SEARCH

SEARCH BY CITATION

Keywords:

  • arterial spin labeling;
  • acceleration selective;
  • perfusion imaging;
  • spatially nonselective labeling

Abstract

  1. Top of page
  2. Abstract
  3. METHODS
  4. RESULTS
  5. DISCUSSION
  6. REFERENCES

In this study, a new arterial spin labeling (ASL) method with spatially nonselective labeling is introduced, based on the acceleration of flowing spins, which is able to image brain perfusion with minimal contamination from venous signal. This method is termed acceleration-selective ASL (AccASL) and resembles velocity-selective ASL (VSASL), with the difference that AccASL is able to discriminate between arterial and venous components in a single preparation module due to the higher acceleration on the arterial side of the microvasculature, whereas VSASL cannot make this distinction unless a second labeling module is used. A difference between AccASL and VSASL is that AccASL is mainly cerebral blood volume weighted, whereas VSASL is cerebral blood flow weighted. AccASL exploits the principles of acceleration-encoded magnetic resonance angiography by using motion-sensitizing gradients in a T2-preparation module. This method is demonstrated in healthy volunteers for a range of cutoff accelerations. Additionally, AccASL is compared with VSASL and pseudo-continuous ASL, and its feasibility in functional MRI is demonstrated. Compared with VSASL with a single labeling module, a strong and significant reduction in venous label is observed. The resulting signal-to-noise ratio is comparable to pseudo-continuous ASL and robust activation of the visual cortex is observed. Magn Reson Med 71:191–199, 2014. © 2013 Wiley Periodicals, Inc.

Arterial spin labeling (ASL) techniques can be used to quantify local tissue perfusion noninvasively [1, 2]. Conventional ASL methods tag arterial blood spins by saturation or inversion in a plane proximal to the imaging region. After a delay, the inflow time (TI), a label image is acquired. This TI is chosen approximately equal to the T1 of blood for cerebral perfusion imaging, representing a compromise between loss of the label due to longitudinal (T1) relaxation and a transport time long enough for the labeled blood to reach the microvascular bed [3]. Subsequently, the sequence is repeated without labeling, thereby obtaining the so-called control image. Subtraction of the label image from the control image results in a perfusion-weighted image, which reflects solely the magnetization of the inflowing tagged spins without contamination from static tissue. Multiple interleaved averages of the label and control sequence are required to gain sufficient signal-to-noise ratio (SNR).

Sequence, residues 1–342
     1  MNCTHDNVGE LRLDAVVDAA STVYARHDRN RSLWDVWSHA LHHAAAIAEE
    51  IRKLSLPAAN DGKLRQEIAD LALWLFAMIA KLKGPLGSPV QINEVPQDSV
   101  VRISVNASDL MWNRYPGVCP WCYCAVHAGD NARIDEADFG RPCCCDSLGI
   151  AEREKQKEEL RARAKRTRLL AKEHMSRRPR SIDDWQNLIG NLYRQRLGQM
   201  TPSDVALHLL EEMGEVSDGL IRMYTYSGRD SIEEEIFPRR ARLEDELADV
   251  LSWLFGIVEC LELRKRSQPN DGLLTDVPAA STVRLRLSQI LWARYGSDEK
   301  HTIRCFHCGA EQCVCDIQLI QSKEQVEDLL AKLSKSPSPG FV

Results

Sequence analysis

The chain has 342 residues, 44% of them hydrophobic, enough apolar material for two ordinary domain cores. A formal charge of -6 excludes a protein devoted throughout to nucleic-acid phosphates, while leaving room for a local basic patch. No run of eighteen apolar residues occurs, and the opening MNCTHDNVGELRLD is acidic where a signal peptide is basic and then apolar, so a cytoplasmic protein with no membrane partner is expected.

>A major confound of conventional ASL techniques is that a significant amount of label is lost because of T1-relaxation in the time it takes for the blood to flow from the labeling to the imaging plane, the so-called transit time. Furthermore, in several pathological brain conditions, because of slow or collateral flow the label relaxes almost completely before reaching the microvascular bed, leading to severe underestimation of cerebral blood flow (CBF). Even in normal volunteers the variation in transit time can be up to hundreds of milliseconds across a single slice [4].

Recently, a technique called velocity-selective ASL (VSASL) was introduced, in which spins are tagged based on flow velocity rather than spatial localization [5-7]. This enables labeling within the imaging region where perfusion is measured. By generating the label much closer to the capillaries, smaller and more uniform transit delays are obtained, and therefore VSASL can provide (semi) quantitative CBF maps even under slow and collateral flow conditions [8].

The first velocity-selective labeling module labels all spins that flow faster than the cutoff velocity (VC), irrespective of whether these are located in arterial or venous blood. Using only this labeling approach (which we will refer to as “single VSASL”) the signal is fundamentally cerebral blood volume weighted. The use of a second velocity-selective labeling module just before imaging (dubbed “dual VSASL”) will exclude the venous components, because accelerating spins will be suppressed [6]. Furthermore, the VSASL signal is converted into a CBF-weighted signal. This approach suffers, however, from a reduced SNR by limiting the labeling to spins that decelerate to a velocity below VC before the second labeling module, as well as due to increased T2-relaxation and diffusion weighting (DW) because of the second labeling module.

More recently, it has been shown in magnetic resonance angiography that acceleration-encoded imaging can selectively image the arteries, without contamination from venous signal [9]. Acceleration-dependent preparation differs from a velocity-selective approach in that it does not affect the magnetization from spins flowing at a constant velocity, but dephases spins that are accelerating or decelerating [10]. In the vascular tree, the average velocity of the spins decreases from the arteries toward the capillaries, after which their average velocity increases only slightly while flowing to the veins. Pulsatility is known to be higher in the arteries than in the veins, providing a second origin for the differentiation between arterial and venous blood by using acceleration encoding. Moreover, the tortuosity of the vessels, and especially of the capillaries, is a third origin of labeling. When the vessel orientation changes with respect to the acceleration-encoding direction, there will be incomplete refocusing of the magnetization.